Tuesday, September 23, 2008

Forbidden love - the open G1 gPhone

Apple's rejections of iPhone apps that "confuse" users by "duplicating" Apple functionality are now top secret.

So it's not surprising that we geek iPhone users feel the love that dare not speak its name ...
A First Look at Googles New Phone - Pogue’s Posts - New York Times Blog

... Android, and the G1, are open. Open, open, open, in ways that would make Steve Jobs cringe. You can unlock this phone after 90 days—that is, use any SIM card from any carrier in it. The operating system is free and open-source, meaning that any company can make changes without consulting or paying Google. The App store is completely open, too; T-Mobile and Google say they won’t censor programs that they don’t approve of, as Apple does with the iPhone store. Yes, even if someone writes a Skype-like program that lets people avoid using up T-Mobile cellular voice minutes.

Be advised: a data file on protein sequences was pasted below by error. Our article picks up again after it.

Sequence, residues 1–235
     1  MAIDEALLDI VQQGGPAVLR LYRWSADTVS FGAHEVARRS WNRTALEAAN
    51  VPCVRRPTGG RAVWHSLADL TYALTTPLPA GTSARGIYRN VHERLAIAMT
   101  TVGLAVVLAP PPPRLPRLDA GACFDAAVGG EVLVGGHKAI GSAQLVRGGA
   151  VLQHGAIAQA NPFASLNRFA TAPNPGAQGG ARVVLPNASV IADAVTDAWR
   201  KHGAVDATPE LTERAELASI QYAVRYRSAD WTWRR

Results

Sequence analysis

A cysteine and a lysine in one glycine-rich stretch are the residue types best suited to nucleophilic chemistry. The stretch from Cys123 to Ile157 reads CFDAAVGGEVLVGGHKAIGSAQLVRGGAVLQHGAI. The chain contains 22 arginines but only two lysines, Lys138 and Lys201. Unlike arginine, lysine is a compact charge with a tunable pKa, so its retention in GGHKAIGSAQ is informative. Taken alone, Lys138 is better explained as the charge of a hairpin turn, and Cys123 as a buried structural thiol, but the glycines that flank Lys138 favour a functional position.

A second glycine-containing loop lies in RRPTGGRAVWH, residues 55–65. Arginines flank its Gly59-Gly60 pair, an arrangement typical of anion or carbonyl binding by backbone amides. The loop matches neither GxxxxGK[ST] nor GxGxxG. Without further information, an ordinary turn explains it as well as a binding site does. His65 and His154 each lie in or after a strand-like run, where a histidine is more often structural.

Android is not as beautiful or engaging as the iPhone’s software, but it’s infinitely superior to Windows Mobile—and it’s open. The G1 is only the first phone to use it, the first of many; it’s going to be an exciting ride.

T-Mobile already supports VOIP over WiFi, so the Skype-like option isn't appealing. It comes with the phone.

T-Mobile and AT&T are both SIM based. The no-contract cost of the G1 is about the same as the contract-extension cost of the iPhone. So it might be iPhone-price competitive for a current AT&T customer to buy a G1 with T-Mobile, plug in the AT&T SIM card, and cancel the T-Mobile service.

Gee, you don't imagine they thought of that?

Go Google, Go.

(Alas, I wish I could say Apple will pay for their closed shop strategy, but I'm not prepared to bet against the tyranny of the mean.)

No comments: